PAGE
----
Fricative θ ð sʰ s z (ɕ) (ʑ) (ç) h
Lateral Fricative ɬ
Approximant ʍ w j
Lateral Approximant l (ʎ)
Flap ɾ

Central Hnyengu, as well as some nearby NW and SW dialects merge /θ/ and /ʍ/ into /f/, and /ð/ and /ⱱ/ into /v/. However, the more outlying NW and SW dialects preserve these phonemes.

The NW dialect has a series of palatalised labial consonants /pʰʲ/, /pʲ/, /bʲ/, /ⱱʲ/, that correspond to sequences of labial consonant + /j/ or /i/ + labial consonant in other dialects.

The alveolo-palatal consonants could be considered to be underlyingly clusters of alveolar/dental consonants + /j/ (in the Eastern dialect that is how they are pronounced). Likewise, in all but the NW dialect the palatal consonants could be considered to be underlyingly clusters containing /j/ i.e. [ɲ̥] is underlyingly /n̥j/, [ɲ] is underlyingly /nj/, [cʰ] [c] and [ɟ] are underylingly /kʰj/, /kj/ and /gj/ respectively, [ç] is underlyingly /hj/, and [ʎ] is /lj/ underylingly.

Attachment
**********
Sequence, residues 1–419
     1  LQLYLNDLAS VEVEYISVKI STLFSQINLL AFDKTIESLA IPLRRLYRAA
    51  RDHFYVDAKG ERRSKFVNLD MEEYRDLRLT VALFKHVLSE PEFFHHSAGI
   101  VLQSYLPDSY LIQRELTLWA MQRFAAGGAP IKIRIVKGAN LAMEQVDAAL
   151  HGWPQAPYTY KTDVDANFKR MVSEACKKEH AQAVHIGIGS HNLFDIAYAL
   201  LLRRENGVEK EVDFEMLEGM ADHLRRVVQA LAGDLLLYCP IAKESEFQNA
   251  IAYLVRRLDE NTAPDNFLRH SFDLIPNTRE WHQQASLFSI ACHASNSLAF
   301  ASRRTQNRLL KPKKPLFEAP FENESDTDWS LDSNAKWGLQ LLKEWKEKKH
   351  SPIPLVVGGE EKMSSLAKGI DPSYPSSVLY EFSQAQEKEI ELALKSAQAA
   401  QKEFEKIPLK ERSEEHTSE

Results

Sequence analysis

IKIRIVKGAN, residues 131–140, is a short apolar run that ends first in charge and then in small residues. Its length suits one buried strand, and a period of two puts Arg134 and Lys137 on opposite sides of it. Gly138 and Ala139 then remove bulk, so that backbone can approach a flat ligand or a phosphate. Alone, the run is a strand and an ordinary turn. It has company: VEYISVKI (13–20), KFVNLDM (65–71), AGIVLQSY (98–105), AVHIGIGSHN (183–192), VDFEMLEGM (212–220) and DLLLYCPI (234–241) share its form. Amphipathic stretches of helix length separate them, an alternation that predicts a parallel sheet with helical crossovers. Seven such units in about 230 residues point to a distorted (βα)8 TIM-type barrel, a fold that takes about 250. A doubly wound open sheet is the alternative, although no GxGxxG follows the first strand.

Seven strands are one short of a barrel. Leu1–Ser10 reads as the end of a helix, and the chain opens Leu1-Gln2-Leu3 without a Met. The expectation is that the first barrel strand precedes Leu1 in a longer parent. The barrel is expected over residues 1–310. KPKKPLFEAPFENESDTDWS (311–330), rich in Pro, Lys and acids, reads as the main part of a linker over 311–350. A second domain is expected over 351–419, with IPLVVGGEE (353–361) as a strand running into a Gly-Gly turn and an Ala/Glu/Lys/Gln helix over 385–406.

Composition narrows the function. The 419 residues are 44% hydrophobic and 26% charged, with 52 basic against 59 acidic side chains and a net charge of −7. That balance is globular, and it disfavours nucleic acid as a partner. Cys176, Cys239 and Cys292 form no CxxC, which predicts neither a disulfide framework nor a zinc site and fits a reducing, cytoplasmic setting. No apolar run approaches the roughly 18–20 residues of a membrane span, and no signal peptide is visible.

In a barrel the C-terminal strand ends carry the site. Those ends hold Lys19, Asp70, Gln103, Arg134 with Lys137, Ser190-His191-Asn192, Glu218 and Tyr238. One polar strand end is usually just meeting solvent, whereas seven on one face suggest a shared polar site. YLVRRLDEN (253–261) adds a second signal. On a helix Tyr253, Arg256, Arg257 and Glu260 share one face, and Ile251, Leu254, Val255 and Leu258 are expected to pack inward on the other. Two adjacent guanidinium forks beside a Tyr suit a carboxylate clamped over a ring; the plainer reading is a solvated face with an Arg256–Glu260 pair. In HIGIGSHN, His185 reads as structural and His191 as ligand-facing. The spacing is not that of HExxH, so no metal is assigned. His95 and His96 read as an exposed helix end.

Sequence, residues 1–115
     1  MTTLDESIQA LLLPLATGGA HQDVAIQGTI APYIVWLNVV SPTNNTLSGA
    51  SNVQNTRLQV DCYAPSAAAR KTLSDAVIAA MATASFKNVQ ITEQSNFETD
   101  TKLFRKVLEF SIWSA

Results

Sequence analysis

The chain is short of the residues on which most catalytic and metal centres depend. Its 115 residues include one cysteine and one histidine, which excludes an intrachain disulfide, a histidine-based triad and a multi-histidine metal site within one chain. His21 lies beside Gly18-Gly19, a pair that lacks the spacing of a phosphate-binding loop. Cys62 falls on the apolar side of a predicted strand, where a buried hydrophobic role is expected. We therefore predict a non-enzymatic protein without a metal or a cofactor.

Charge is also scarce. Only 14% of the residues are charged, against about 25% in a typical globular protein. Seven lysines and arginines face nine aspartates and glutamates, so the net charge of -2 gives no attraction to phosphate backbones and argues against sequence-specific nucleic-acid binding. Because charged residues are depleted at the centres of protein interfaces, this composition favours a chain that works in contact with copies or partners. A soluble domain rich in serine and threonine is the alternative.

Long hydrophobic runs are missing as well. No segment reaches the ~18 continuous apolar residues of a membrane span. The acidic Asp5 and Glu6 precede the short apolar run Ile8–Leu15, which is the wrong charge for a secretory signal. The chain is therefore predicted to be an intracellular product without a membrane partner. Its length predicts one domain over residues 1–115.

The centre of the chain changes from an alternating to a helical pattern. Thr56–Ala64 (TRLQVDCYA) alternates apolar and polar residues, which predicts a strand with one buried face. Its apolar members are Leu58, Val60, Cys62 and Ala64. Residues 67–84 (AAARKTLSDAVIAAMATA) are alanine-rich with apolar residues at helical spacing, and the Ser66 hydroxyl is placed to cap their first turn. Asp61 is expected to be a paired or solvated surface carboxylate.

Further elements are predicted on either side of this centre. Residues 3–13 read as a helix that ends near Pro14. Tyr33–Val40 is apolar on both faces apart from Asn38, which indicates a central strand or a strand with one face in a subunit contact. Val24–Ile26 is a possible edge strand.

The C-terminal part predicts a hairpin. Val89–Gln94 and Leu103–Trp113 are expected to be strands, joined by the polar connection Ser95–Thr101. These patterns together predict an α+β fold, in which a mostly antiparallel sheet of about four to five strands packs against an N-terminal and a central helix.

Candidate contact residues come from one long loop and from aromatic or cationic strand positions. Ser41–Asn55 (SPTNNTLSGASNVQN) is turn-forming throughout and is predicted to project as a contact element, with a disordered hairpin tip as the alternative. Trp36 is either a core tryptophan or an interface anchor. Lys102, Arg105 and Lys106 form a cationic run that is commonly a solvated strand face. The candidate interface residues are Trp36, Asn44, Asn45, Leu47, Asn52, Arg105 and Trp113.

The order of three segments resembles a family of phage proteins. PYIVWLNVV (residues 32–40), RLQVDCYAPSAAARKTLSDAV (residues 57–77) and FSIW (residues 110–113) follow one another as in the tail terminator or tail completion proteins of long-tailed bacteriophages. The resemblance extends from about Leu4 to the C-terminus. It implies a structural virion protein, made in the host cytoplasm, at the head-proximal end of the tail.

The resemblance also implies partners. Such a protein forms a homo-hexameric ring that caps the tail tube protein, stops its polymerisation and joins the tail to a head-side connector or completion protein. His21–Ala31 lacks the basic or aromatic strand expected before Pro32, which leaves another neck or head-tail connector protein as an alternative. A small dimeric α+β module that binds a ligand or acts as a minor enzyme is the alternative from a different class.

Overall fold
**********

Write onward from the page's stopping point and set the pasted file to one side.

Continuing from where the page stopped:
[ŋ] and [g] are in free variation. After vowels, [ŋ] is more common, and elsewhere, [g] is more common. So the name of the language Hnyengu could be pronounced either [ˈɲ̥əŋgu] or [ˈɲ̥əŋŋu].

The pronunciation of /tsʰ/, /ts/ and /dz/ varies a lot between dialects. There is a strong tendency for them not to be sibilants, or to be less sibilant compared to /sʰ/, /s/, /z/. In SW dialects they are retroflex /ʈʂʰ/ /ʈʂ/ /ɖʐ/, in NW dialects they are dental /tθʰ/ /tθ/ /dð/ and in the East they are lateral /tɬʰ/, /tɬ/, /dɮ/.

Especially in Eastern dialects, /z/ is often pronounced as /ɹ/.

There is often a degree of velarisation to /l/, and this tendency increases the further west you go. In NW and SW dialects, /l/ is pronounced as [ɫ].


Phonotactics